Through the icy blanket of fog, one can catch a glimpse of a domineering statue of Lenin in the city’s central square. During the winter, the average temperature here is around minus -40°C. It is a vast, freezing world with almost 300,000 inhabitants.
This is Yakutsk, Russia, widely known as the coldest city on Earth.
Located in Eastern Siberia, Yakutsk is the capital of the Sakha Republic, located 450 km south of the Arctic Circle. The city’s lowest temperature ever recorded was -64.4 °C (−83.9 °F)! An expansive, remote area, it has much to offer in terms of natural wonders. The area boasts many majestic bodies of water, such as the Lena River, which is home to the Lena Pillars, an enchanting natural rock formation with pillars as high as 300 meters.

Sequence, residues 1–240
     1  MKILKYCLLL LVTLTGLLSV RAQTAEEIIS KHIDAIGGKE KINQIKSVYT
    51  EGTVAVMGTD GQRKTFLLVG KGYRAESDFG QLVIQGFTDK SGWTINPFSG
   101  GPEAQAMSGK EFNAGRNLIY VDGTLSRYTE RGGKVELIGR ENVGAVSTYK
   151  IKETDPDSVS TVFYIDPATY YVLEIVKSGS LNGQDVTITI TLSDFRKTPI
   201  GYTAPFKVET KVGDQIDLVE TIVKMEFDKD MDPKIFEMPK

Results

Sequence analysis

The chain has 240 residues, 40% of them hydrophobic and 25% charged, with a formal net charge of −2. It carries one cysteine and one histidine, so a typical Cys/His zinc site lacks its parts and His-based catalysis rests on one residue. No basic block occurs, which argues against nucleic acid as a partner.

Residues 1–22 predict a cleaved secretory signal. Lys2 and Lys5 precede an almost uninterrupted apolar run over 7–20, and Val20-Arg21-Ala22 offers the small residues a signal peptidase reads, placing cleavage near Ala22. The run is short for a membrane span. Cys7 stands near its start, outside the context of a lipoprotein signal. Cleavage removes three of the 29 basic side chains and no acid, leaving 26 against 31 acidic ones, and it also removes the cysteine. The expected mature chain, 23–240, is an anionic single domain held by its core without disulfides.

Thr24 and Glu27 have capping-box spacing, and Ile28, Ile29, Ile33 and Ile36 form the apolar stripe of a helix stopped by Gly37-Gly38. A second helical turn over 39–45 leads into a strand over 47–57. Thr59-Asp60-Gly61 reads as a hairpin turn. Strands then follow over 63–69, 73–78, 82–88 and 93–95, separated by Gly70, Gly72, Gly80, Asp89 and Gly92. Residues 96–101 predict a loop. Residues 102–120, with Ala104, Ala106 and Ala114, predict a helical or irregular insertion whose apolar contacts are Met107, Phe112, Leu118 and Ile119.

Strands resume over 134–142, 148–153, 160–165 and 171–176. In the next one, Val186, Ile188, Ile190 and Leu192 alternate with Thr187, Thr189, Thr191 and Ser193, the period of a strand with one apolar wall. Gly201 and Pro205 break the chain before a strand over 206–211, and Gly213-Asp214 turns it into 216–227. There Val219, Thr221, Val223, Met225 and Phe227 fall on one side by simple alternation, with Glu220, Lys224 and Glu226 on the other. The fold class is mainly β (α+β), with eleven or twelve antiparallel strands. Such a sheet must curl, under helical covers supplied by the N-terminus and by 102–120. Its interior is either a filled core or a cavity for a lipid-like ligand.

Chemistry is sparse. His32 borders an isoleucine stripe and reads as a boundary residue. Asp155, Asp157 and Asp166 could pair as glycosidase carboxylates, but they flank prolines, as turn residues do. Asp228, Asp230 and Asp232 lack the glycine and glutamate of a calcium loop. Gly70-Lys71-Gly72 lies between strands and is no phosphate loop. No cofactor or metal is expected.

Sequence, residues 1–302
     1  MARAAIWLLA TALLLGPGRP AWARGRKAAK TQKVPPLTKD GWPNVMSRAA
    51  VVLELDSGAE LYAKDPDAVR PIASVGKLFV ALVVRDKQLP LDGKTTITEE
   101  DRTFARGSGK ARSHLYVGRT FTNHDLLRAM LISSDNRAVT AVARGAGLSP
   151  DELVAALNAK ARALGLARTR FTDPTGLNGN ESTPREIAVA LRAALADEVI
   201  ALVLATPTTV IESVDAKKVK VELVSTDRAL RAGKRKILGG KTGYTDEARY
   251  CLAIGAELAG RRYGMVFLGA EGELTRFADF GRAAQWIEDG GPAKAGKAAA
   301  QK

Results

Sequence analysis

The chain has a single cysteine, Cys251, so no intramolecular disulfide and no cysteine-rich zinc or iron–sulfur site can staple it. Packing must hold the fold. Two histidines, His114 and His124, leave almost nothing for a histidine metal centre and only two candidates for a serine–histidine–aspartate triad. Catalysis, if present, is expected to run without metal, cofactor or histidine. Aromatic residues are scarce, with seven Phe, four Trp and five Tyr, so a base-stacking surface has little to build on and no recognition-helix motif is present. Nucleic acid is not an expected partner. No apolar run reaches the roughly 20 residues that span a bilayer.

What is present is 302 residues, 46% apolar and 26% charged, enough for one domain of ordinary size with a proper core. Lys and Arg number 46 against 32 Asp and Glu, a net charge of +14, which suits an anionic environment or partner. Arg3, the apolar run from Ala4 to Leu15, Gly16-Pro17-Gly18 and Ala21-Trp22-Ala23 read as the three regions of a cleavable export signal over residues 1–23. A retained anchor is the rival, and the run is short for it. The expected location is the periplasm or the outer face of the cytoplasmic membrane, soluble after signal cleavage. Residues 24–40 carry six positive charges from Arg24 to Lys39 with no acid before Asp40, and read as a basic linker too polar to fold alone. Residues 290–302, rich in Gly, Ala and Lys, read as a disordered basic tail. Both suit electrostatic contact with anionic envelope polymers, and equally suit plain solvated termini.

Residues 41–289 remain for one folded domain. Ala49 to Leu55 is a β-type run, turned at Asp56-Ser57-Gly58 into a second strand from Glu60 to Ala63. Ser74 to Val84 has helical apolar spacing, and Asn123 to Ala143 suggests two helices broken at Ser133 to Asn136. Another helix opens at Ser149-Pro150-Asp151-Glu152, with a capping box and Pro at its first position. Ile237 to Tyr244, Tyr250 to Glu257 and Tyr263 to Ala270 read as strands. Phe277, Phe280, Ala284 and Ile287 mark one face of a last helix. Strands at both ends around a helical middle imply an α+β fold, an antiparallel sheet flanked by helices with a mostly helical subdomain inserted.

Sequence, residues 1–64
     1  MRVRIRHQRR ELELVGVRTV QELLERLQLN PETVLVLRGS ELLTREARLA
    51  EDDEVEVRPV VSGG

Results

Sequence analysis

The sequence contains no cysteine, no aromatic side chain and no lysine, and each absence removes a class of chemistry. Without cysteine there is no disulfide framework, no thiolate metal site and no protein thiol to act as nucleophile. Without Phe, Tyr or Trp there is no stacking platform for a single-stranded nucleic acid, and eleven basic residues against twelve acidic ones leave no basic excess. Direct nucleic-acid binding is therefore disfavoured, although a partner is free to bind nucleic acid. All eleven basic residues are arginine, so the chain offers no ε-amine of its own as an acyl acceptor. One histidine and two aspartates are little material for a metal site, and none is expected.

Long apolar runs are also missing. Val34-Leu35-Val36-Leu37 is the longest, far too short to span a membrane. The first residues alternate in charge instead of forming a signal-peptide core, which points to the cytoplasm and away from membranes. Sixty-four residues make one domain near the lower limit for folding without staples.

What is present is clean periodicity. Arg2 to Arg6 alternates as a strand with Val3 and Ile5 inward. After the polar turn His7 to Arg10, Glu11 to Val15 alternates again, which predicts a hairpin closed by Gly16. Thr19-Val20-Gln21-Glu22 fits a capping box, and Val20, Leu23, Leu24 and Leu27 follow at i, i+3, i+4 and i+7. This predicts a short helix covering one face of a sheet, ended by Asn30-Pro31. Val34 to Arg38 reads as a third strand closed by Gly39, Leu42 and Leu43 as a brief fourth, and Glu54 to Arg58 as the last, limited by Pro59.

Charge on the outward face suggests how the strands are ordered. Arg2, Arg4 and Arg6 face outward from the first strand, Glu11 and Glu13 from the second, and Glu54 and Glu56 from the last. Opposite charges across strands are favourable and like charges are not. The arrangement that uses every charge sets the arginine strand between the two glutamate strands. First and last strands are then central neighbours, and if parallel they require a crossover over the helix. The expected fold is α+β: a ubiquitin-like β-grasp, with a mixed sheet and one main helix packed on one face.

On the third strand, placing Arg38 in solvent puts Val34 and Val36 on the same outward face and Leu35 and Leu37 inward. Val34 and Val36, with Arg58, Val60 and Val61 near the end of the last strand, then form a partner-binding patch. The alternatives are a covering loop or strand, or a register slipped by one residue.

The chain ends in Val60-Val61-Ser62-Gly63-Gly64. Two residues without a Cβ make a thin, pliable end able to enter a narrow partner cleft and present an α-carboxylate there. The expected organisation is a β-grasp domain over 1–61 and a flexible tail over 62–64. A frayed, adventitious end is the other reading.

Buried underneath the city’s icy ground are numerous diamond mines and other precious minerals, which has made it a hot location for adventurers since the 1800’s. According to Time Lightbox, Yakutsk provides one-fifth of the world’s diamond production.
Although an important city, transportation connections are limited, and often depend on the area’s extreme climate conditions. The city has one airport, which connects it to other parts of Russia. It has no trains, and is connected to a highway (The Lena Highway) that is only accessible by crossing the Lena River by ferry. It is a feasible journey during the summer, but in the frigid winter, the only option is to cross the frozen river, which is impossible when the ice is too thin.
An extremely isolated, but equally fascinating city, Yakutsk is home to some undoubtedly resistant individuals who strive to live and survive in this icy, remote winter wonderland.
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Photo Credits: The Independent & Ask Yakutia